Mental Health, Freewill, and the Justice System

Jesse Martin

March, 2018


 

Another mass shooting in the United States has taken the lives of innocent students. This time, the person behind the AR-15 assault rifle was a former student at Marjory Stoneman High. The debate that has ensued, has expectedly focused on gun control and the need for reform. Within the firestorm of opinions, the media and public has overlooked a crucial facet – mental health.

Mental health has again been a factor. Upon the killing of fourteen students and three teachers, the perpetrator fled the scene with the rest of his peers, stopping at a Subway to get a drink then to a McDonald’s for some food, before being apprehended by police. How can it be possible for a human to commit such atrocities and then return to such normalcy; even the officer who apprehended him admitted that the shooter had seemed “like a typical high school student”, asking, “could this be the person who I need to stop?”

This epitomizes the issues of mental health; people who suffer from such diseases cannot control their illnesses. Even though countries like Australia whom have spent significant amounts of their budget on improving mental healthcare, no country has seriously considered mental health’s positionality in the justice system.

Criminal law has its roots in mens rea and the belief in freewill. Mens rea states that if the mind is guilty than so is the individual. Simply put, if there is intention or knowledge of wrongdoing than that constitutes a crime. Yet, with the advancements of modern science and psychology, psychologists and experts in human behaviour agree that freewill cannot be justified as being scientifically accurate.

They have proven that Genes, environment, and stochasticism govern all human behaviour. Humans are born with about 100 billion neurons, each neuron forms about 1000 synapses. The properties of these neurons and connections reflect the genetics and experience of the individual as time progresses. Stochasticism refers to the principle of uncertainty that governs all physical properties of matter. Recent advancements in quantum mechanics have propelled stochasticism further.

While the degree to which each of these factors affect behaviour is debatable, the severity of the impact of these variables proves that humans decision-making is void of freewill. Before continuing, it is important to clarify that it is science that proves freewill as null.  Governments often make decisions not based on science, and this article argues that that is unjust.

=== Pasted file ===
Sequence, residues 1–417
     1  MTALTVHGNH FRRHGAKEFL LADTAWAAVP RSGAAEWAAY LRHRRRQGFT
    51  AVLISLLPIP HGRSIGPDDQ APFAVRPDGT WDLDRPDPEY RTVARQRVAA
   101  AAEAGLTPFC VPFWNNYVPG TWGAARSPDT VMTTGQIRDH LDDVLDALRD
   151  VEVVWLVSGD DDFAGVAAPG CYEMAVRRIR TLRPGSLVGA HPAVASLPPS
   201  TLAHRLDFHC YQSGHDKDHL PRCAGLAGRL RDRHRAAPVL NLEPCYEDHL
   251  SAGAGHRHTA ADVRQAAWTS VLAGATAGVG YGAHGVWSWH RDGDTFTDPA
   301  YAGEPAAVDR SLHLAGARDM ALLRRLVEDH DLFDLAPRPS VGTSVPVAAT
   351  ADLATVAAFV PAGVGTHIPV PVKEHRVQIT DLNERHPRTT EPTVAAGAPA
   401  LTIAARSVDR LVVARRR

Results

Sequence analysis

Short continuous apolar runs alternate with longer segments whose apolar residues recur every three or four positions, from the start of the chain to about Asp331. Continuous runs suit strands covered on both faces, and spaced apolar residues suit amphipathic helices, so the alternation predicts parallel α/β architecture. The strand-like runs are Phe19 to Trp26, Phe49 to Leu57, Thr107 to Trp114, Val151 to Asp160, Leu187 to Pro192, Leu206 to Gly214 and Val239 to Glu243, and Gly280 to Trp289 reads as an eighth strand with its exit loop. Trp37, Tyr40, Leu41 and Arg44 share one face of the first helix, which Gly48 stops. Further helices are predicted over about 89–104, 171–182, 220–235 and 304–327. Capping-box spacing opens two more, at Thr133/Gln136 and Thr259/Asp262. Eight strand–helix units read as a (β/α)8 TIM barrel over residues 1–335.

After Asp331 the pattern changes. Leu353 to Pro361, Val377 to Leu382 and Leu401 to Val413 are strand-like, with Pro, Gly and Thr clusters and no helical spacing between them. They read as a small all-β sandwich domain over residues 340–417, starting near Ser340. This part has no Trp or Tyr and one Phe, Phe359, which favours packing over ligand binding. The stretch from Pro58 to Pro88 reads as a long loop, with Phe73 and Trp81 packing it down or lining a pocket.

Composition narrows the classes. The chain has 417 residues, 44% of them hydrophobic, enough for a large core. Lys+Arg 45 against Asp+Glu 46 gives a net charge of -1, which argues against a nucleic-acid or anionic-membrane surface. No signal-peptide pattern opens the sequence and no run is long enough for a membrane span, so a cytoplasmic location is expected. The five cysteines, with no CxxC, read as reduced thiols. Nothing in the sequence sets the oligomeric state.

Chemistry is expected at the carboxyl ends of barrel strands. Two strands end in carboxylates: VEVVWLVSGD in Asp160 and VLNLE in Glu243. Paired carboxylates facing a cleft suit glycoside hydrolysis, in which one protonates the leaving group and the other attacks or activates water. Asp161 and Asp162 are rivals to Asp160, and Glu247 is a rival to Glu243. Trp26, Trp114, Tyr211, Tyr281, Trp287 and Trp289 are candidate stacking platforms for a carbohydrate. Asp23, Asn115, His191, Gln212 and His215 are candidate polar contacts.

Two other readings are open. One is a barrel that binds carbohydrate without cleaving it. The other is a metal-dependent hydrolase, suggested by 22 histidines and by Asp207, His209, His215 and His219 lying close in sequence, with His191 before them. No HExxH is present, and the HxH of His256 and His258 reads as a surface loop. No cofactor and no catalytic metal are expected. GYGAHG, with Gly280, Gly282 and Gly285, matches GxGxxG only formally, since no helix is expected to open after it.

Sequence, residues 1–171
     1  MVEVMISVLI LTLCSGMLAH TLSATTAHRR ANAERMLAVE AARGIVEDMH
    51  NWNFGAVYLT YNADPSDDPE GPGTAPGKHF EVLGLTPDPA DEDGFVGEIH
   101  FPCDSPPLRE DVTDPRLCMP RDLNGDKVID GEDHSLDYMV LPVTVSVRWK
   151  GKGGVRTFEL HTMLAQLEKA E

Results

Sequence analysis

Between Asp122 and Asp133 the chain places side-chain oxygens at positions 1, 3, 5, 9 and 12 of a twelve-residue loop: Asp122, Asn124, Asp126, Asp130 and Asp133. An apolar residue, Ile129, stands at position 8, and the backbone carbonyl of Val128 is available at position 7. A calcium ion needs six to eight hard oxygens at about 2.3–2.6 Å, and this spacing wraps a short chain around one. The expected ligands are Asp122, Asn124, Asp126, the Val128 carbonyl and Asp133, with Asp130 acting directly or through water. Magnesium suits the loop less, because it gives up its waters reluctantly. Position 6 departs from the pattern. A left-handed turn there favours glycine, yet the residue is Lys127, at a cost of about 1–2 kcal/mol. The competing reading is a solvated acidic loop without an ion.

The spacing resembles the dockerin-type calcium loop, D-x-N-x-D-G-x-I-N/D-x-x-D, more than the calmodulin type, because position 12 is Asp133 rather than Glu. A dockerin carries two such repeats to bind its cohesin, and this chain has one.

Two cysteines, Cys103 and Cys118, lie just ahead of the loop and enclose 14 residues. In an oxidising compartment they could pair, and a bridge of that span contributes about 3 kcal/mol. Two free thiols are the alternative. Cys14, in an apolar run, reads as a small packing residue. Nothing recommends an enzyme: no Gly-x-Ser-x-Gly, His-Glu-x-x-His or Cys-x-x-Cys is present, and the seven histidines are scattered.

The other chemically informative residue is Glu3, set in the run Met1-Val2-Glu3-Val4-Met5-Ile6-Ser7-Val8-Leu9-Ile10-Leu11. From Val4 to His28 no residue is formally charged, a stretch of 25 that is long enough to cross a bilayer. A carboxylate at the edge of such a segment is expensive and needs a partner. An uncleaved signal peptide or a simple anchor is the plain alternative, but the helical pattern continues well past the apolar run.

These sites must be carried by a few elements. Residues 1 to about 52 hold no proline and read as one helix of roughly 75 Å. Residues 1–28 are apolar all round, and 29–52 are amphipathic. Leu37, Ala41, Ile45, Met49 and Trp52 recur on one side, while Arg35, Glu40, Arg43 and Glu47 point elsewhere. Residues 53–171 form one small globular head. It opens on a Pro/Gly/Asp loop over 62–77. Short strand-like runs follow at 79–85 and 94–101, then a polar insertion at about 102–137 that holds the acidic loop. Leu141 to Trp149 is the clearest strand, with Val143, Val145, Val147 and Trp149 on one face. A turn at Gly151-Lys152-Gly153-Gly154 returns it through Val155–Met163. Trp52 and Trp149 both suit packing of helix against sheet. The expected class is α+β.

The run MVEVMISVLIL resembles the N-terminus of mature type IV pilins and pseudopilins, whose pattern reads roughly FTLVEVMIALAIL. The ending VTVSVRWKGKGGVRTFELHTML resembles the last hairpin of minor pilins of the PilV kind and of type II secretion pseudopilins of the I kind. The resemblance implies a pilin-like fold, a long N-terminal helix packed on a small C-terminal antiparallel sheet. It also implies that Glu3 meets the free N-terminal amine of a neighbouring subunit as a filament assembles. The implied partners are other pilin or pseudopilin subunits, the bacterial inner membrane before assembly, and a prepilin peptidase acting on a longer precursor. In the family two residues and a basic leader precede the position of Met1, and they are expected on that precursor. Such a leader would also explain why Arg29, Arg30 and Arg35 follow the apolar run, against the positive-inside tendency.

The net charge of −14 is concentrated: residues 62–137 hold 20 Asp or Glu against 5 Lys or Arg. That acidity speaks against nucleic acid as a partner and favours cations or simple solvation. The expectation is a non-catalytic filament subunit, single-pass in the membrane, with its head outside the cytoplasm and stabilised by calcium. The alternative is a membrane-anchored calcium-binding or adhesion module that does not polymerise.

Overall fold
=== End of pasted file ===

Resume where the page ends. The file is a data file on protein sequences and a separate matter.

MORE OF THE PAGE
People who experience mental health illnesses should benefit immediately from the admission of freewill as an illusion. Already, there are partial defences that correlate with the lack of freewill in law: age restrictions and the plea of insanity. Offenders with mental illnesses need better legal mechanisms to prove that their illnesses are evidence of a lack of free will.

Clear examples of this can be found throughout the scientific community. For example, studies have found that people with antisocial personality disorder and psychopathy have damage to the ventromedial prefrontal cortex. These individuals make decisions that adversely affect their environment, displaying disregard for social and moral conventions.

Rejecting their mental illness as evidence of a lack of freewill is affecting tens of millions of people around the world. Studies have found that 90% of justice-involved youth meet the minimum criteria for at least one mental health disorder and in the United States, the largest mental health institutions are prisons. While states are addressing other dimensions of mental health, they are denying justice to suffers because of the disruption that science may cause to the legal system.

Thus, there needs to be a new set of principles to govern the legal system, that both legitimizes science and provides justice. The following five principles could assist in replacing mens rea: (i) protection of society; (ii) protection of the offender from society; (iii) alleviation of the biological defect of the offender; (iv) allowance of appropriate psychiatric assistance for the offending individuals; (v) incarceration (either imprisonment or mental health institution) as a deterrence from reoccurring offences. These principles can separate offenders who are healthy, yet still commit crimes from those who are suffering from mental illness.

Of course, this article is not attempting to use mental illness as an excuse for unlawful behaviour; people who conduct such behaviour have to be brought to justice. It is the term ‘justice’ that society must challenge as to what we wish for it to mean; whether it is incarceration or receiving treatment in a mental health facility. The biopsychosocial perspective is a good place to start. As the principles above explained, offenders with mental illness should be allowed rehabilitation if possible.

Unfortunately, there is not always an underlying biological defect that can be identified. This exemplifies the limitation of this argument, but it is nonetheless an improvement from the current, unscientific legal system.

The courts accept science from others fields, and mental health should not be an exception. For the health of their people, states need to review how their justice systems function and what principles ought to judge offenders.